Dear drivers everywhere, winter is here! Regardless of whether or not you enjoy the snowy delights of the white season, you must prepare for it accordingly. Get winter tires, have the battery tested, check the fluids, keep the windshield clear, inspect all car lights, add a coat of wax, build an emergency kit and you are all set for winter! If you dread spending too much time meddling with your car, just remember that taking care of all of these little things will lessen the influence cold weather has on your car during winter months. Moreover, it will also help you drive safely in the winter – your car will be ready for the difficult driving conditions and you will be confident in your driving skills and the fact that your car can back you up in every move you make.
However, when it comes to the type of tires to mount on the vehicle for winter conditions, people are still up in arms about it – winter or all-season tires? Each have their own pros and cons, especially when it comes to them being used in extreme weather conditions. You can check all of them out in our infographic, but the majority of automotive professionals will tell you that winter tires are a must for the season, particularly in an environment such as Canada.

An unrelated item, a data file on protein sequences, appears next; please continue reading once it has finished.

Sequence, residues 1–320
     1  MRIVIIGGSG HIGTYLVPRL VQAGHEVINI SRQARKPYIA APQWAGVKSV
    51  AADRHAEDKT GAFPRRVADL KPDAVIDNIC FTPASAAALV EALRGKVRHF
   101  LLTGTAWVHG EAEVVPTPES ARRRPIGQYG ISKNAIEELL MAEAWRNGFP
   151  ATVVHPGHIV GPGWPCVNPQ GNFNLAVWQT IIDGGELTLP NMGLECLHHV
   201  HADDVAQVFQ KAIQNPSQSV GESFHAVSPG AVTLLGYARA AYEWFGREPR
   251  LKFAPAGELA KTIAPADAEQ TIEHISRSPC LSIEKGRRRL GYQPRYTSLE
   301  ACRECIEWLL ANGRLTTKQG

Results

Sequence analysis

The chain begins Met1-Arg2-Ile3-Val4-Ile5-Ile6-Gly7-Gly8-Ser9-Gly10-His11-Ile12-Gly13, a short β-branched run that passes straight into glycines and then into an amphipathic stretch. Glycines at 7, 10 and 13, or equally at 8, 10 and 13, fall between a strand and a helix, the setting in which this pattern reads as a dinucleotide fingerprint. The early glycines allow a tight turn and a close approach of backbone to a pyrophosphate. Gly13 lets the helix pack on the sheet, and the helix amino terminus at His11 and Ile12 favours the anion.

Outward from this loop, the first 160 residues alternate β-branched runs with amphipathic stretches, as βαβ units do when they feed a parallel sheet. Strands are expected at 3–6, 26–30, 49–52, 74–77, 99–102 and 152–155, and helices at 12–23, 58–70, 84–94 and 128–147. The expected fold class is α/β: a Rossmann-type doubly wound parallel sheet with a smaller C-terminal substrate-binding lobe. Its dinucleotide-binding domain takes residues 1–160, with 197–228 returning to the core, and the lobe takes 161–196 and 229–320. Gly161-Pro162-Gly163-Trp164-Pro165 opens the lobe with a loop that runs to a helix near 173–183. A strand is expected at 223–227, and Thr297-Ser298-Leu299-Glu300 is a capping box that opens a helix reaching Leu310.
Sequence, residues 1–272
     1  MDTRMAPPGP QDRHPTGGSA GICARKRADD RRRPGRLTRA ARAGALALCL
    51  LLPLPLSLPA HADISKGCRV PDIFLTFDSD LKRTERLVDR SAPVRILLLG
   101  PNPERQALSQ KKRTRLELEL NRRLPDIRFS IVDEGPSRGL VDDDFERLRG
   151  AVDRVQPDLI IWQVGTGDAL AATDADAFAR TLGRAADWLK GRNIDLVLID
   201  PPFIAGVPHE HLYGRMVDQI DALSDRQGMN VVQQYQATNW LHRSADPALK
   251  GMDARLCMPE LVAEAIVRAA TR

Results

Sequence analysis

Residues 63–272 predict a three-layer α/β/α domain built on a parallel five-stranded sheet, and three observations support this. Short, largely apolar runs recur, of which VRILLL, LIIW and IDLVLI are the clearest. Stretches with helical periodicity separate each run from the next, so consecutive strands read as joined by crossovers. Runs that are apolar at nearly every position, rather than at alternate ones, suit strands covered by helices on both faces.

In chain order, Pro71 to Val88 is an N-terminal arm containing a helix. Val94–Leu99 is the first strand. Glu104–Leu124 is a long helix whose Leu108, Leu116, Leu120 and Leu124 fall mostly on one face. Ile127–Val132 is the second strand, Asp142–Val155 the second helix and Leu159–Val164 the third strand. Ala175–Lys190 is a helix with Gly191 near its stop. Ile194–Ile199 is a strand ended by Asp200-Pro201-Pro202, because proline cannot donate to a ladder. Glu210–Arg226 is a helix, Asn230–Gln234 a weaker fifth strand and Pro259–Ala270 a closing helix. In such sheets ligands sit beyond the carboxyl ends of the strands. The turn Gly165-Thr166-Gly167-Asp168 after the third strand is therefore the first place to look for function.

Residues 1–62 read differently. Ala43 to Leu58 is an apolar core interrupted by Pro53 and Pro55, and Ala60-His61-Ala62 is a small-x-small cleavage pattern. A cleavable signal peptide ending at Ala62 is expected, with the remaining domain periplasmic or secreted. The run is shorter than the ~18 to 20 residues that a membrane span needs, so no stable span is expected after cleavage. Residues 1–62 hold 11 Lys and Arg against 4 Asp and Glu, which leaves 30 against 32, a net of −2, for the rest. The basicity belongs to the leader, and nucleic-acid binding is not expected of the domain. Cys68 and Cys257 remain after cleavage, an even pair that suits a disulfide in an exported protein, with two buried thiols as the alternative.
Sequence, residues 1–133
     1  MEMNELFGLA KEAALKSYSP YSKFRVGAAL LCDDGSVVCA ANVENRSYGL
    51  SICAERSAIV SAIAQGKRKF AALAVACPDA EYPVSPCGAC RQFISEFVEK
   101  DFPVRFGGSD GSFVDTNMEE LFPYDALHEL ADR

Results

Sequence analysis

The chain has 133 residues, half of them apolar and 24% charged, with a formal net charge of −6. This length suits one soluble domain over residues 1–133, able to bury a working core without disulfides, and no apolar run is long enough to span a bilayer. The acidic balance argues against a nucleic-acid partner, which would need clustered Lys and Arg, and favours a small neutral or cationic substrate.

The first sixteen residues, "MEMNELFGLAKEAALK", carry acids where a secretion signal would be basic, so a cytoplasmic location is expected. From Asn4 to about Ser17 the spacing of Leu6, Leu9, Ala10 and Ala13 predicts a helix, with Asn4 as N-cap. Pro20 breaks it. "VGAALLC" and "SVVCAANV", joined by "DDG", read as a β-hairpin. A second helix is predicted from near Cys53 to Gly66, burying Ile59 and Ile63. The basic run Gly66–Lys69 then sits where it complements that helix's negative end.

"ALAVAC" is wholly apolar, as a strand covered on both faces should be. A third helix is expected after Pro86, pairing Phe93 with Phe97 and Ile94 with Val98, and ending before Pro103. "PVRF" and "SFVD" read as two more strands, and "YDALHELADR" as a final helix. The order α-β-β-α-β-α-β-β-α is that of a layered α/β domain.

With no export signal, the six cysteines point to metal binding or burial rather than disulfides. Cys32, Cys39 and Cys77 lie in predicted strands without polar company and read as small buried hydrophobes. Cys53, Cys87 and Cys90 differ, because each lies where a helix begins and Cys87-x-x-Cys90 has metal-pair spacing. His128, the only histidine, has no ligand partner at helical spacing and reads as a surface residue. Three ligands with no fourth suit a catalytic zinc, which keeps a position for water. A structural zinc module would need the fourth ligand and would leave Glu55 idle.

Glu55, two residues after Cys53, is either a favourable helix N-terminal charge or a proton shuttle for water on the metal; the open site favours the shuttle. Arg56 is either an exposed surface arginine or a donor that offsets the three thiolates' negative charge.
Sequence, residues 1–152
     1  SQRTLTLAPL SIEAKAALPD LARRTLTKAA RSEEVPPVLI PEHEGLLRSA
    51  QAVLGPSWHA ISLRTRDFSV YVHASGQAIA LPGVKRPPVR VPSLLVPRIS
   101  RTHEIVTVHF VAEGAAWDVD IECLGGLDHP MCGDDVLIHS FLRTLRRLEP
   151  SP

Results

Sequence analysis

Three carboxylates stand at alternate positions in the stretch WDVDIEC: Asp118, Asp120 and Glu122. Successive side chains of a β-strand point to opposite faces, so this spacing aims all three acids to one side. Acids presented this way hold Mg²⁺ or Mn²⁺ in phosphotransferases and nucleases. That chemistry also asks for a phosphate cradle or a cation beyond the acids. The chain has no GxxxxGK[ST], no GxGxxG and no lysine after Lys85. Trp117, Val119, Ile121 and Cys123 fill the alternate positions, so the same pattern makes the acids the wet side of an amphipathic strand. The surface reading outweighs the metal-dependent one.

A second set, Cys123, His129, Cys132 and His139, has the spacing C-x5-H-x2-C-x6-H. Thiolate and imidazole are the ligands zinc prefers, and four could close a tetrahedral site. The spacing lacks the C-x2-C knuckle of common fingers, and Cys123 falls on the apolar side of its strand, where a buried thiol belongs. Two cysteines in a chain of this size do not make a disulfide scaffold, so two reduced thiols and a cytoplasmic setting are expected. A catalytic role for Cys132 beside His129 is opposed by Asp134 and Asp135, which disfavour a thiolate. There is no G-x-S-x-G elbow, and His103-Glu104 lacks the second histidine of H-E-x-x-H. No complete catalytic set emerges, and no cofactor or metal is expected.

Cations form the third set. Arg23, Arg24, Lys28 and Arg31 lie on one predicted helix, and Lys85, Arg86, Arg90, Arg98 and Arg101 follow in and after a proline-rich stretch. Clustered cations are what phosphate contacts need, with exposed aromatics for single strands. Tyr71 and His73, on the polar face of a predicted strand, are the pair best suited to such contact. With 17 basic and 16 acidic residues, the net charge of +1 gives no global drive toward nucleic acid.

And, yes, the budget does play a big role in deciding between winter and all-season tires. Generally speaking, tires that can stay on your vehicle all year round are a simpler and cheaper solution over buying winter and summer sets of tires and switching them every few months. However, unique features of dedicated season tires designed to function in extreme weather conditions are so distinctive that that makes it that much harder to manufacture all-season tires without serious compromises regarding how they perform in the winter or in the summer.